What details does Reuters think salient in this case? We learn that the people arrested are “men,” and that they’re “unmarried American citizens” and “residents of New Jersey.” They were planning to join a “militant group” in Somalia — one described here as a “youth movement.” The arrests had something to do with the men’s “social circle.”
Two “militant groups” are named — Al-Qaeda and Al-Shabaab. Most Americans have never heard of the latter, and Muslim spokesmen are working hard to make them think that the former has nothing to do with Islam, as a slick Islamic apologist insisted on CNN this morning in a discussion of the Ground Zero Mosque and our protest today. (Unfortunately for the credibility of his smooth deceptions, however, my colleague Pamela Geller was on the show as well, and she was telling the truth even amid a barrage of hostile questions. I’ll post video if it becomes available.)
Yet Reuters itself suggests, at least to the informed reader, that these two “men” do have something to do with Islam, since they mention the Times Square attempted car bombing (in the passive voice, as if the car bomb just suddenly and inexplicably materialized) and the attempted Christmas underwear bombing on a plane in Detroit (carried out by a “Nigerian”). What do the Times Square and Christmas plots have in common with these two arrests? Why, nothing that is named in this article: Islam. The Islamic jihad doctrine. Islamic supremacism.
But even though Islam is the real motivator of these two unmarried male American citizens from New Jersey, and Reuters knows that full well or it wouldn’t have tagged on mention of the Times Square and Christmas plots at the end of this article, Reuters doesn’t see fit to mention Islam or jihad.
The absurdity of this is obvious, but we take it for granted, since it crops up again in every news story from every news agency about every Islamic jihad plot anywhere in the world. It’s as if we were trying to fight World War II without ever mentioning Germans or Japanese. “Men with Militant Ties Bomb Pearl Harbor.” “Residents of Auschwitz with Ties to Militant Group Murder Millions of Jews.”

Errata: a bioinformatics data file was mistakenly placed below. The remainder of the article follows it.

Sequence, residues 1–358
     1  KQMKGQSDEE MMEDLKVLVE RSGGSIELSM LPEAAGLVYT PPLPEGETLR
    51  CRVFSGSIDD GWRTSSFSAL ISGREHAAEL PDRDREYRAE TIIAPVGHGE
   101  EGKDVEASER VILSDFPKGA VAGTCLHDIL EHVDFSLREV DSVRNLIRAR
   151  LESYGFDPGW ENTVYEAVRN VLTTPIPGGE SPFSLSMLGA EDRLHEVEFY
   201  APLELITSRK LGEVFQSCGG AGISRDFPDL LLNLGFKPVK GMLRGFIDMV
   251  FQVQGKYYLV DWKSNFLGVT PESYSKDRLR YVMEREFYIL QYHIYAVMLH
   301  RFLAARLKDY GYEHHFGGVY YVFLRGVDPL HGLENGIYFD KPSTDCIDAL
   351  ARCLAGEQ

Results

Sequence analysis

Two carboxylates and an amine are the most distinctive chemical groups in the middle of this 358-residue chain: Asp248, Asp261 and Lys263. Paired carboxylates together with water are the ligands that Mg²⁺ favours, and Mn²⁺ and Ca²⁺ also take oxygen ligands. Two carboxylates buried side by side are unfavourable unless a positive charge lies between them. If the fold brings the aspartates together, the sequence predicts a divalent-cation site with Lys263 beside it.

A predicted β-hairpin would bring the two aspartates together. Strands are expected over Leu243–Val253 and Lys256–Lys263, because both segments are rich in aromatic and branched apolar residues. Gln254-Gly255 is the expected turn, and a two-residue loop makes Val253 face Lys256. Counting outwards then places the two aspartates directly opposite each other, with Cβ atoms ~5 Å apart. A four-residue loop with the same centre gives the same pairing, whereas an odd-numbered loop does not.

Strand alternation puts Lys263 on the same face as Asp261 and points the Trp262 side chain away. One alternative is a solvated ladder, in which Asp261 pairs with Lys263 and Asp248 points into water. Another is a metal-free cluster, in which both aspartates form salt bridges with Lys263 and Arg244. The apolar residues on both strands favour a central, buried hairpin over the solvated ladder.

Do you think we would have won that war with coverage like that?
Pamela Geller satirized this kind of thinking, or absence of thought, here:
Imagine, if you will, during, say, World War II, if the Axis press accounts of Allied military operations refused to use the word America or United States.
For example, a D-Day report would go like this: On June 6, 1944, nearly 160,000 Iowans, New Yorkers, Jerseyans, Alaskans, Texans, and some black and white folks landed along a 50-mile stretch of heavily-fortified sandy coastline to fight Nazi Germany on the beaches of Normandy, France. More than 5,000 ships and 13,000 aircraft filled with all kinds of people supported the D-Day invasion, and by day’s end, Floridians had gained a foothold in Normandy.
“Two Men With Militant Ties Arrested In NY – Report,” from Reuters, June 6 (thanks to all who sent this in):
NEW YORK (Reuters) – Two men were arrested late Saturday at John F. Kennedy International Airport where they were believed headed for meetings with militant groups in Somalia, The New Jersey Star Ledger reported.
The men were arrested as they tried to board flights to Egypt. They were charged with conspiring to commit an act of international terrorism through a group tied to al Qaeda, the newspaper said, citing officials familiar with the arrests.
Both in their twenties and both residents of New Jersey, the two men had been under investigation since October 2006, the Star Ledger said.
An unidentified official told the newspaper both men were unmarried American citizens….
Federal and local law enforcement officials searched the homes of both men where they conducted interviews and removed boxes of papers, a computer and other materials.
Authorities had infiltrated the men’s social circle and said the suspects were not planning an imminent attack in the New York-New Jersey area but were believed to be intending to join with the Al Shabaab youth movement to fight against Americans in Somalia, the report said.
One official briefed on the case was hopeful it would lead to a “web of arrests,” the newspaper said.
The arrests followed a failed attempt to explode a car bomb in New York’s Times Square last month and an incident on Christmas Day in which a 23-year-old Nigerian tried to blow up a Detroit-bound airliner by setting off explosives hidden in his underwear.